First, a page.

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I only lived in the Midwest for 28 years, so I don't know if I'm qualified to respond to this, but I am curious to know who these fish-averse people were or are.

What he said.
(Richard, you're not right, IMO, about Midwesterners and fish. You are right, though (IMO, again) about what constitutes seafood. So you're batting .500, which would be good if you were playing baseball. )

Maria Conlon
/Politics. It's all politics/.
It is a full moon tonight, I guess I'll post something to the NG. Simon reminds of persons who ride the transit buses for no other reaon that to have something to do.
These types annoy the drivers, annoy the other passengers, dress poorly, smell, and stare, and remark.
Some of these types are dumb and others aren't so dumb, but they make people nervous. Oh Lord, a Freck, what it must be like to have to live with one. Often the smarter ones are addicts, the dumber ones are mildly retarded mentally ill sorts.
Look at his picture, and you will see what I mean.

John Freck
PS. I will be back in 28.3 days.
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I only lived in the Midwest for 28 years, so I don't know if I'm qualified to respond to this, ... *is* consistent with the transportation issue, it is something of a stretch to broaden that to distaste for all fish.

True, but the core of seafood *is* ocean fish and shellfish. Of course many Midwesterners like to fish recreationally, and probably some of them eat the caught fish when laws and lack of concern about contaminants allow. I mean, I've read those Hemingway stories that are all about fishing. He was up in Michigan or some such.
I believe you've mentioned noticing a large body of water to the northeast of Chicago.

You mean The Lake? I think of this body of water, which I agree is large, as being to the east of Chicago rather than to the northeast, though granted it sort of stops right around where Chicago turns into those industrial hell-towns in northwest Indiana, and it continues to extend northward far beyond Chicago. BTW, now that it's spring (= ChiE "late winter") the Lake is turquoise in color again (rather than the color of snow and ice).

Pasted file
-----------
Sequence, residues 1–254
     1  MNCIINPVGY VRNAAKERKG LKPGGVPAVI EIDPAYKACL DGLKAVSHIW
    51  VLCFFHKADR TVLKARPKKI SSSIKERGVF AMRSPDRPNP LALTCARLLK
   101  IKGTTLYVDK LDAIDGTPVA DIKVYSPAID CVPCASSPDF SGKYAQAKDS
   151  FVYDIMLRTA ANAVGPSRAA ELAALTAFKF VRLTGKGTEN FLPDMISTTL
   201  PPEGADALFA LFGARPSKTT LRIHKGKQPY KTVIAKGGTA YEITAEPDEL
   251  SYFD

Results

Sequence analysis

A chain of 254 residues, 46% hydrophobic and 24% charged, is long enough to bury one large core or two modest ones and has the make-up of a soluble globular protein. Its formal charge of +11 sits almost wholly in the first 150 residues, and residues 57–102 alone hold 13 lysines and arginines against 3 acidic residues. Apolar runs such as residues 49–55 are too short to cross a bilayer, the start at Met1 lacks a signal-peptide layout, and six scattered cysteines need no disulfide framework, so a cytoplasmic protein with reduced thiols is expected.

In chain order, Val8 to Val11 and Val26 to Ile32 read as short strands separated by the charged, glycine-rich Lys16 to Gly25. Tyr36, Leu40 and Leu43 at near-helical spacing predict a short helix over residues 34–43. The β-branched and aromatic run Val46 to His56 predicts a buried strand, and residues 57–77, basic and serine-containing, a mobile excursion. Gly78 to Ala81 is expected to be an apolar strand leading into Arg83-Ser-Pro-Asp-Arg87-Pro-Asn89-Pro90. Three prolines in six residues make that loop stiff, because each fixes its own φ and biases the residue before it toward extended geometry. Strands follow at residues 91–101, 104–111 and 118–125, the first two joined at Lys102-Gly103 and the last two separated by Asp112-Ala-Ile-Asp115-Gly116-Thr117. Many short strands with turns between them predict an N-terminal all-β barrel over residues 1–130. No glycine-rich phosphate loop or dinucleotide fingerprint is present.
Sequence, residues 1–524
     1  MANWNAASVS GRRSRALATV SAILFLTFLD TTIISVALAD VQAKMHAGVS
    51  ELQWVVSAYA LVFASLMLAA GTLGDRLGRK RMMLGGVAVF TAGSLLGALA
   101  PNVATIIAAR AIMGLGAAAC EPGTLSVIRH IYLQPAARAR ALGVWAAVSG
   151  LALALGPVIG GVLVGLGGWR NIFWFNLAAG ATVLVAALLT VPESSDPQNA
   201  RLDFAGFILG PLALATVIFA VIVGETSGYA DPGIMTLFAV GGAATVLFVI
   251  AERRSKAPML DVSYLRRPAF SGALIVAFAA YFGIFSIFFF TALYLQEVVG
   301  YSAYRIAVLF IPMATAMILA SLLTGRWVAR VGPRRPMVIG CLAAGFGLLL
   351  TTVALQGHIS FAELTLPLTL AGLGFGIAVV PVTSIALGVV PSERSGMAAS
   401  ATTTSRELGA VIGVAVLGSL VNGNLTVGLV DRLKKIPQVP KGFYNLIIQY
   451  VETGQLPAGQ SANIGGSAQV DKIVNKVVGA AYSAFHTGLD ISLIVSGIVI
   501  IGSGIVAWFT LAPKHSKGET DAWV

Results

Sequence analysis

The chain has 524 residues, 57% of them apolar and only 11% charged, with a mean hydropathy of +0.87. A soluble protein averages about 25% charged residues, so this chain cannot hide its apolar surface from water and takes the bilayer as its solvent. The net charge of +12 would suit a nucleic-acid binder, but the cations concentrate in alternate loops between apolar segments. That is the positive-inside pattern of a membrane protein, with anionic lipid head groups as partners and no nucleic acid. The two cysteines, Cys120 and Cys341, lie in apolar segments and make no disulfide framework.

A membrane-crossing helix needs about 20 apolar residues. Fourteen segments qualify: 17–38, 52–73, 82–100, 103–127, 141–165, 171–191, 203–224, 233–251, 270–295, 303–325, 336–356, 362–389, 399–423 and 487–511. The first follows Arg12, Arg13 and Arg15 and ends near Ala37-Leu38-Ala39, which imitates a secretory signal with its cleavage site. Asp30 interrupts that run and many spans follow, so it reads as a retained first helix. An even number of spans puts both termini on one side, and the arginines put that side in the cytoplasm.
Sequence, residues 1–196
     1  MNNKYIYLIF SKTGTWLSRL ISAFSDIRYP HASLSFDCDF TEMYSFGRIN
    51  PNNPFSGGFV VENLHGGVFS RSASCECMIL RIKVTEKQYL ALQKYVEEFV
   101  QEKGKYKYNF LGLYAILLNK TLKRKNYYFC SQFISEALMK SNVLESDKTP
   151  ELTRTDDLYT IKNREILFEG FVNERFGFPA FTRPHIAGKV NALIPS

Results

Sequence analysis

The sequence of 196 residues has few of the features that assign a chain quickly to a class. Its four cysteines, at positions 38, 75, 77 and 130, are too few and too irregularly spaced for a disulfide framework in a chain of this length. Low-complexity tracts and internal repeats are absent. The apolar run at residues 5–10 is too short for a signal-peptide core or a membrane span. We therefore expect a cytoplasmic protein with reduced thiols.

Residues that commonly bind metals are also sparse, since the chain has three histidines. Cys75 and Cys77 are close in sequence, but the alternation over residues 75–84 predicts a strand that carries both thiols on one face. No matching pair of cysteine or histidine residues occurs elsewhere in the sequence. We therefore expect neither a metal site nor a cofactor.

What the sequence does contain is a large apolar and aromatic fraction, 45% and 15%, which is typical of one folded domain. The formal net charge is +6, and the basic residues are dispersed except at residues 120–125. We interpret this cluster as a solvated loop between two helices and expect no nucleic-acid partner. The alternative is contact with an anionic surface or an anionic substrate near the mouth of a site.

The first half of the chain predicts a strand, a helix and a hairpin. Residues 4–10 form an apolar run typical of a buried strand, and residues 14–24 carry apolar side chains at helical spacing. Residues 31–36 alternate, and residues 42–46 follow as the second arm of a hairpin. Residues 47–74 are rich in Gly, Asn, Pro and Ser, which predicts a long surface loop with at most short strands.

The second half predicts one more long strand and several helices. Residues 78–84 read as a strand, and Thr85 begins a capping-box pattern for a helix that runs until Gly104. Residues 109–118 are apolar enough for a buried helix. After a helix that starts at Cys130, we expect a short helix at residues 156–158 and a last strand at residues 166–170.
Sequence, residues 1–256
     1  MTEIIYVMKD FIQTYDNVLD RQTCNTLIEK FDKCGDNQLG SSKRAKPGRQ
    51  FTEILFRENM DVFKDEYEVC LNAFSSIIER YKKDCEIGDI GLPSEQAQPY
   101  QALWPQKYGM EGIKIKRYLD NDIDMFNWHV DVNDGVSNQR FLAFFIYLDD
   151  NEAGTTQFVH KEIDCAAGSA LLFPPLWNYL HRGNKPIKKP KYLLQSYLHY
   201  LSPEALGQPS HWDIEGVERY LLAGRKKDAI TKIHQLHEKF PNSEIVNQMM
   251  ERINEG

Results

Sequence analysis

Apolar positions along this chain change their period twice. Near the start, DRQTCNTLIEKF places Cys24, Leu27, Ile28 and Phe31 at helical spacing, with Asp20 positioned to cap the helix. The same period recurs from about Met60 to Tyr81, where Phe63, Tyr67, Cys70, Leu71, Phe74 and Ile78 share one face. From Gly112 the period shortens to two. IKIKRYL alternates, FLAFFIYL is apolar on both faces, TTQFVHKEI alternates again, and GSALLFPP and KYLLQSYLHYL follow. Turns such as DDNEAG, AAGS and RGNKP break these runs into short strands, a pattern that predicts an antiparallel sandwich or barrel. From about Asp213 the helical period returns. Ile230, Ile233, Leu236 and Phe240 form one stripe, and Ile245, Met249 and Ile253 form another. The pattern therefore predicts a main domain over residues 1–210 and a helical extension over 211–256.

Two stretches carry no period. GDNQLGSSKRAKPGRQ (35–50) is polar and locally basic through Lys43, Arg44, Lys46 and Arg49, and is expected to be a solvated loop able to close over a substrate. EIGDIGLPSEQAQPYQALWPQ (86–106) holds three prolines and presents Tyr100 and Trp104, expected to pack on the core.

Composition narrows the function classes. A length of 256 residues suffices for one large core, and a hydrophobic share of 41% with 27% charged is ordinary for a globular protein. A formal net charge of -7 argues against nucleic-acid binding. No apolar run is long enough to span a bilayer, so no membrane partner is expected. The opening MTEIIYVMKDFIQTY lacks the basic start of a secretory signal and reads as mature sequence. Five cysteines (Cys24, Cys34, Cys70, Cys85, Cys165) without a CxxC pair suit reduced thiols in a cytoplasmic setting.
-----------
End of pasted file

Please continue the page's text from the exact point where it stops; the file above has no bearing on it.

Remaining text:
It happens that that lake contains numerous varieties of fish (and it used to contain a lot of others). Those who live anywhere near the Great Lakes (possibly excepting Lake Erie) would have access to vast amounts of fresh freshwater fish.

Sure, I've seen Chicagoans fishing (need preposition) the Lake. I've also seen New York people fishing (need preposition) the East River and the Harlem River. Tolkien's Gollum (fka Smeagol) might find such fish to be rather tasty, but I wouldn't risk eating it would you?

Now, maybe if you go way far north you get into parts where the fish is safe to eat, but actually I sort of doubt it, not on the western side of the Lake. Mr. or Ms. Pat Durkin is invited to comment, but it's my general impression that a fair amount of lake-coastal Wisconsin is one industrial pollution ground (NTTAWWT) after another. Maybe north of Milwaukee you'd be in bidness. Michigan might be a whole nother story.
Lampreys severely damaged the food-fish populations in the fifties and sixties, and zebra mussels do so today.

I think it's zebra mussels that (= TCE "that") are thought to be responsible, by some, for the turquoise color of the Chicago part of Lake Michigan, IIRC. Say what you want about Chicago, but that's a nize turquoise color that you just don't see beeack home.
Chicago gets its drinking water from Lake Michigan (apparently those monstrous structures you see on the horizon in the Lake are water filtration plants). I won't say that Chicago tap water is the worst I've ever tasted (that honor goes to South Dakota), but I think it's the most dangerous I've ever imbibed, causing all sorts of deathly ailments. I would guess that it's one step above European water. Incidentally, the best-tasting and healthiest tap water in America is to be found in the boroughs of Brooklyn and Queens, New York (Largest City in America).